40. 40. To completely undermine the utility of the sharing economy would be naïve. Realizing the ‘untapped’ reservoir of wealth embedded in the stuff around us reduces the cost of everyday items; it can reduce the need to rely on planet-destroying corporations; it can reduce the hugely problematic (and environmentally damaging) throwaway culture; it provides a means of flexible working -if you’re lucky enough. But in economizing sharing, these innovative digital platforms are destroying non-economized and unfinancialized means of social connection
  41. 41. Accusing protestors of denying progress is a smokescreen for the deliberate attempts to individualize work, and stunt collective action
  42. 42. Diffabled people have the potential to be radically ‘creative’ because they are attuned to and realize, and even to some extent bring into being, entirely new and alternative subjectivities that are beyond the normalized world
  43. 43. Agonistic politics: In pluralist democracy, disagreements about how to interpret the shared ethico-political principles are not only legitimate but necessary. They allow for different forms of citizenship identification
  44. 44. The recuperadas movement in Argentina
  45. 45. To be radically creative is to see connections and potential ways of augmenting each path of resistance with the other. To collaborate in opposition is not easy and requires an agonistic mind set of patience, forgiveness, self-restraint and a great deal of emotional energy
  46. 46.
  47. 47. Creativity should be about seeking out those activities, people, things and ephemera that resist co-option, appropriation and stabilization by capitalism
  48. 48. Creativity could be thought of more as an emancipatory force of societal change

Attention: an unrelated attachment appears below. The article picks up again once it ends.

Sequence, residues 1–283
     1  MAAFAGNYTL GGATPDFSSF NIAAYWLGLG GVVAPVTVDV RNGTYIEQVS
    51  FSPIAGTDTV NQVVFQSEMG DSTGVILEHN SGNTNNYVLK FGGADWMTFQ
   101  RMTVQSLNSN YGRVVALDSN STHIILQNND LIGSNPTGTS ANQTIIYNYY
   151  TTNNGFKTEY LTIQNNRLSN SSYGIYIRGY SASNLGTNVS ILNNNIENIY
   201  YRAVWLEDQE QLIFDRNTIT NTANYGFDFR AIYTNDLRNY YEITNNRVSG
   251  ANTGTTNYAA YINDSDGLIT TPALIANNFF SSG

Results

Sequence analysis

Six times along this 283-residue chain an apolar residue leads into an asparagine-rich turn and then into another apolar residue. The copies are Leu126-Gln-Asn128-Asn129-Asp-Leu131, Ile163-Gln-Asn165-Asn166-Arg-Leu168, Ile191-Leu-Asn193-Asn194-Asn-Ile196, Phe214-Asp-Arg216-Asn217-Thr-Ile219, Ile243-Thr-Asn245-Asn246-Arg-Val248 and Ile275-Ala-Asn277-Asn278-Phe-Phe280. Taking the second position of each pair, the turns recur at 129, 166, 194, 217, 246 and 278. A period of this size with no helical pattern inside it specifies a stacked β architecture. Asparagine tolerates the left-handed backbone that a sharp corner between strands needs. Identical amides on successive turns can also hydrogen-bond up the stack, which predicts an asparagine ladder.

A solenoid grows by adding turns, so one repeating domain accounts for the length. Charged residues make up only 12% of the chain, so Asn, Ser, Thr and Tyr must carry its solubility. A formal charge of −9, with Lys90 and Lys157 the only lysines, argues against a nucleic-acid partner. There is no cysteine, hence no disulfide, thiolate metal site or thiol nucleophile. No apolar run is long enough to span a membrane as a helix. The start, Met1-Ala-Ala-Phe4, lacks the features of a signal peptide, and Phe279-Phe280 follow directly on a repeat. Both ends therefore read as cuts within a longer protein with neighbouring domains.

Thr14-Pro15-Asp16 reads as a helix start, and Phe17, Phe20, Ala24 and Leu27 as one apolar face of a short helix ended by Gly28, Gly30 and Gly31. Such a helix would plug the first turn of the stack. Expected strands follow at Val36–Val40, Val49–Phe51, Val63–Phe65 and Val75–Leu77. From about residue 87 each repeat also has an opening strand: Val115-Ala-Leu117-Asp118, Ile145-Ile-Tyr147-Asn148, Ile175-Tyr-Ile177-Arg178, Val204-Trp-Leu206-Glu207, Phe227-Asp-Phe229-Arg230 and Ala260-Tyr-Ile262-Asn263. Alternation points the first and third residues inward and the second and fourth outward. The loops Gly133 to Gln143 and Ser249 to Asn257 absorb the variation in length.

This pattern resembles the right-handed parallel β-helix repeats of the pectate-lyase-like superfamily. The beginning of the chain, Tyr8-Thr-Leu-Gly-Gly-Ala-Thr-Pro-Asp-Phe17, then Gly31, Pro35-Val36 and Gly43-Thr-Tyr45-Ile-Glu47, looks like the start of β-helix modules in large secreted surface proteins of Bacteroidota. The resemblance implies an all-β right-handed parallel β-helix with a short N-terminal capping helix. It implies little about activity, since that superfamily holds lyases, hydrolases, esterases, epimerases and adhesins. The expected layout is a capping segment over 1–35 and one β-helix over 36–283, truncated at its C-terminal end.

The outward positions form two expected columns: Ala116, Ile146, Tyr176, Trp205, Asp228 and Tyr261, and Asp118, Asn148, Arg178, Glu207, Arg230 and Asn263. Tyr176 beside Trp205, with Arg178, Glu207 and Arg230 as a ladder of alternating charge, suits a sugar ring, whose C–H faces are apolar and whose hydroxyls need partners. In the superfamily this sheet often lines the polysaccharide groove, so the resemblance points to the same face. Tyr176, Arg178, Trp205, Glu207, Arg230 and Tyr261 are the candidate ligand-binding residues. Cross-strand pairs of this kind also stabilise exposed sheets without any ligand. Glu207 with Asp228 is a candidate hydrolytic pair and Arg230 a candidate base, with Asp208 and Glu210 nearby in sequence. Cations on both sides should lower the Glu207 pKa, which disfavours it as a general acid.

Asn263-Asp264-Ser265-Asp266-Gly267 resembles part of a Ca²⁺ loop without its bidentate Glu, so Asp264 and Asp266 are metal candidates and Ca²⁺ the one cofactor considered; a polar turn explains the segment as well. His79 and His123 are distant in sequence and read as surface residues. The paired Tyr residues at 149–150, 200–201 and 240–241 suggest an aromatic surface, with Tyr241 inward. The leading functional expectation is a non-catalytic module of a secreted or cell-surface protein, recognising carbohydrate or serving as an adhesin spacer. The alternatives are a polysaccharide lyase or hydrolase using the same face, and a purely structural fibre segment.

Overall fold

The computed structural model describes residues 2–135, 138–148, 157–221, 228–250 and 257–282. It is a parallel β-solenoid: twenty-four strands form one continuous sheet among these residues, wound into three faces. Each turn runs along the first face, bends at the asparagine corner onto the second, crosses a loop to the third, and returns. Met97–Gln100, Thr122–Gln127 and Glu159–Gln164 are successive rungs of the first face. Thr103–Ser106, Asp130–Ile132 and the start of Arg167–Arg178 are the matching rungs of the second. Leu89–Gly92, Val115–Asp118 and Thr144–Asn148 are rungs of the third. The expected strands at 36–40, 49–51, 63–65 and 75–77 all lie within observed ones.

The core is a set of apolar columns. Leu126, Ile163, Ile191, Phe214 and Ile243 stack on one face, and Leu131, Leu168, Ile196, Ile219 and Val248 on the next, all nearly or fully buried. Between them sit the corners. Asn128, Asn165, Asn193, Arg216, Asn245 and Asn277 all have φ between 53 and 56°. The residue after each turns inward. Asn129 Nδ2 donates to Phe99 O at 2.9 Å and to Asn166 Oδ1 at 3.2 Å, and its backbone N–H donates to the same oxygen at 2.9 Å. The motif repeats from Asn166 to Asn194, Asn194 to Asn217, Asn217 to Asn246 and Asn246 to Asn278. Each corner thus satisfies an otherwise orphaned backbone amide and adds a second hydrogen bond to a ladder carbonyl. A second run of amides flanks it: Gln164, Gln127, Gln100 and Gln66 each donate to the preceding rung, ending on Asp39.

49. 49.
  50. 50. Skateboarding is a highly creative act, in that it reappropriates the built environment as an arena of adventure and exploration. Like those who conduct parkour, urban exploration and other urban subversions, they ‘see’ the city differently. (Skateboarding still suffers from accusations of the marginalization of women, diffabled people and people of colour)
  51. 51. Capitalism has perfected the art of co-option. It was, as political theorist Thomas Frank argued, encapsulated by ‘the summary of co-optation theory: “if you can’t beat ’em, absorb ’em”
  52. 52. True creativity is to seek out the tiny voices offering viable alternatives to the injustices of capitalism and, with all the resources available, collectively fight against those that seek to appropriate them.
  53. 53. If creativity is about the power to create something from nothing, then believing in impossible things is its most critical component
  54. 54. When we work to create that which is commonly consumed, free from monetized exchange and exploitation, this is when we are being radically creative
  55. 55. We must tackle capitalism’s rhetoric of creative technology. What if we asked one simple question before any new app, machine-learning algorithm, or smart city infrastructure were created: how can this be used and managed democratically?
  56. 56. Zeynep Tufekci has long argued that while machine learning has all the inherent biases of the ‘real world’, this is ignored because it is seen as computational and objective
  57. 57. We are living in an ‘algocracy’. Human decision-making is being augmented and, in some cases, supplanted by machine algorithms
  58. 58. Why not create systems with an ‘exit strategy’ in place? In other words, we need to make sure that these technological augmentations to our lives are easily removed
  59. 59. The current doctrine of creativity allows capitalism to disarm its critics by offering them the excitement, stardom and financial rewards that come from succumbing to a market- based system
  60. 60. But these rewards rarely materialize – or if they do, they are short lived or limited to the very few. The rest are left on the margins, exploited and dispossessed
  61. 61. This is not creativity. That is why so many people, groups and ideologies are against creativity. They argue for a more radical interpretation, one that works toward the horizon of impossibility beyond the injustices of capitalism
  62. 62. Precariousness, domicide, marginalization, disability, hyper-mediation, austerity, codification, atomization, gentrification, dispossession and many more: creativity as preached by capitalism enacts a ‘slow violence’ that grinds down any other forms of societal organization, to the chorus of ‘there is no alternative’
  63. 63. Creativity is trumpeted as the force that will change the world for the better. Don’t believe this lie. Believe that creativity is about searching for, giving space to, and trying to realize the impossible.